Otto, meanwhile, is getting increasingly irritated with his companion. This isn’t a movie, this is his life! If this audition doesn’t come off, then his career is over. And does Russel have to keep parading around the motel room in a skimpy little towel?

A cute look at the road trip story, and how no matter how much you care for someone, days alone in a car can strain even the closest friendship.

Bonus Factor: I Am a Human Being!

The Elephant Man from the movie of the same title

Otto plays the pseudo-celebrity well, paying for everything on the trip and occasionally name dropping. But he hurts inside. Internet jerks are making fun of him. Nothing new to actors, but mocking the scars…that’s kind of shitty. And when the boys visit a tourist attraction that features pictures of circus freaks, Russel suddenly realizes how hurtful that must be. And of course no girls ever look in Otto’s direction. Not that he’s interested in girls, but c’mon!

We often are guilty of thinking of the disabled, the disfigured, and the overweight as asexual beings. This book does a great job of proving that everyone wants to be loved, to be attractive, and to get laid.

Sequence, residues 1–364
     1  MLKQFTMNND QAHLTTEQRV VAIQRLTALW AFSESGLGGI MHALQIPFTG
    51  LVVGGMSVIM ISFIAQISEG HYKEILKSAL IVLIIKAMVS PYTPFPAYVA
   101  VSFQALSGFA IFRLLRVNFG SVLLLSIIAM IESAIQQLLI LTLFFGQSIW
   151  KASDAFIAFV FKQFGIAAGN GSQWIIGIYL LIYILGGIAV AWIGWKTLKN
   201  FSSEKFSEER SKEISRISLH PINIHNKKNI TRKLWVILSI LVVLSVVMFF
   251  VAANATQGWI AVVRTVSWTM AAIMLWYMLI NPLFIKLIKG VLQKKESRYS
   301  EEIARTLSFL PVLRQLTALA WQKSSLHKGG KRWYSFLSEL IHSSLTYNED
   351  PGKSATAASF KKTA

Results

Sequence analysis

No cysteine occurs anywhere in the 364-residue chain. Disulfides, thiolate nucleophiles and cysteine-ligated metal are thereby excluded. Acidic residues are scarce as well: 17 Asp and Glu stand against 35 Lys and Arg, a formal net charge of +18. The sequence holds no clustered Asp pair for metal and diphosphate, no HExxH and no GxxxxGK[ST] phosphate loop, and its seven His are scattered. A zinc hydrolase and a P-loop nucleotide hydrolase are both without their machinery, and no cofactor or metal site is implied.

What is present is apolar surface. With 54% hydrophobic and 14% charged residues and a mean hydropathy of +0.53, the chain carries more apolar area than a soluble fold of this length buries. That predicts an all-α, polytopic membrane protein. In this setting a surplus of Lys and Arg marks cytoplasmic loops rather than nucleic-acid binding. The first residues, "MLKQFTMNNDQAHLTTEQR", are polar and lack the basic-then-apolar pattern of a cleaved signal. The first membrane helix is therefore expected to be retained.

Bonus Factor: Movies

The Muppet Movie poster

Otto’s experience in the TV industry, and Russel’s in the film world, give us some interesting, behind-the-scenes views into the businesses. For instance, did you know it’s not always the most talented actor who lands a role? Go figure. And of course if your face is badly disfigured, that doesn’t help things.

Bromance Status: Nostalgic Friend

This book takes me back to the days when I could jump in the car and travel for many states, just because. Thanks for bringing back the memories of a freer, if not broker, time in my life.

Literary Matchmaking

The Thing I Didn’t Know I Didn’t Know (Russel Middlebrook: The Futon Years #1)

Read the start of Russel’s adult story, in The Thing I Didn’t Know I Didn’t Know.

Full disclosure: I received a free e-copy of this book from the author, but no money or motel vouchers. The Otto Digmore Difference is out now.

Brian wrote his first YA novel when he was down and out in Mexico. He now lives in Missouri with his wonderful wife and daughter. He divides his time between writing and working as a school librarian. Brian still misses the preachy YA books of the eighties.